You won’t find many hospitals in rural Zambia, but you will find women like Agnes Phiri Nkhunika.
Every day, Aggie wakes up at 5am, worrying about rural women in Zambia – women who married early and have 16 children, women struggling with unintended pregnancies, and women with no access to contraception. Then, she puts on her dancing shoes and gets to work.
Aggie, who has been a midwife for more than 34 years, educates people about contraception with song and dance. Typically, women in rural Zambia marry early – usually by age 14. They begin having children right away and have difficulty negotiating contraception use with their partners.
In her commitment to helping these women take control of their reproductive health, Aggie also provides a range of contraceptive options in high volume clinics across the region. In just a year and a half, PSI midwives like her helped 78,530 women who want contraception.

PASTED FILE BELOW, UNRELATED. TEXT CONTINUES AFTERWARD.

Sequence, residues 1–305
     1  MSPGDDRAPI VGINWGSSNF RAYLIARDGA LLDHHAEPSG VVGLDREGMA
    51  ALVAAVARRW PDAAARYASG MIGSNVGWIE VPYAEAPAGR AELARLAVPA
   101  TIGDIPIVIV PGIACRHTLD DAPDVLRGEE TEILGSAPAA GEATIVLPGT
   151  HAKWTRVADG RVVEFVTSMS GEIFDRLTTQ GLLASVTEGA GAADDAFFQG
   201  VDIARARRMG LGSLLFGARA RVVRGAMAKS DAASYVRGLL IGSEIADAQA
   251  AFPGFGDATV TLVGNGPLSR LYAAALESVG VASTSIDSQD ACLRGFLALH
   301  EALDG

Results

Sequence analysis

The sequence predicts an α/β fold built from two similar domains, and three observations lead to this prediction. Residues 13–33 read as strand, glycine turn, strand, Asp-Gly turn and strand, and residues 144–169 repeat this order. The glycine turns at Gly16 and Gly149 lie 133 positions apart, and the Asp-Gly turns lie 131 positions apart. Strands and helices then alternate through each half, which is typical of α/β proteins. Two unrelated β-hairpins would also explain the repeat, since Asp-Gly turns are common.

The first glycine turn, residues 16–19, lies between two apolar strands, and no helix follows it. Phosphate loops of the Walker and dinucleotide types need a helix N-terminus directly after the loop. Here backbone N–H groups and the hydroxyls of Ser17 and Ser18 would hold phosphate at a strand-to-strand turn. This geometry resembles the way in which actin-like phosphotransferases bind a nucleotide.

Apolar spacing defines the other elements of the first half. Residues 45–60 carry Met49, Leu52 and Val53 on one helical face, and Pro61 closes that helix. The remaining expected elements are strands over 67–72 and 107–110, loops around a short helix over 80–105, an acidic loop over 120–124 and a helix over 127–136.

For Aggie, there is no uncertainty about how these rural women view her work. “When you see them dance, you know they really appreciate the service.”
Watch Aggie in action during a day at the Kwengue clinic in Zambia’s Eastern province: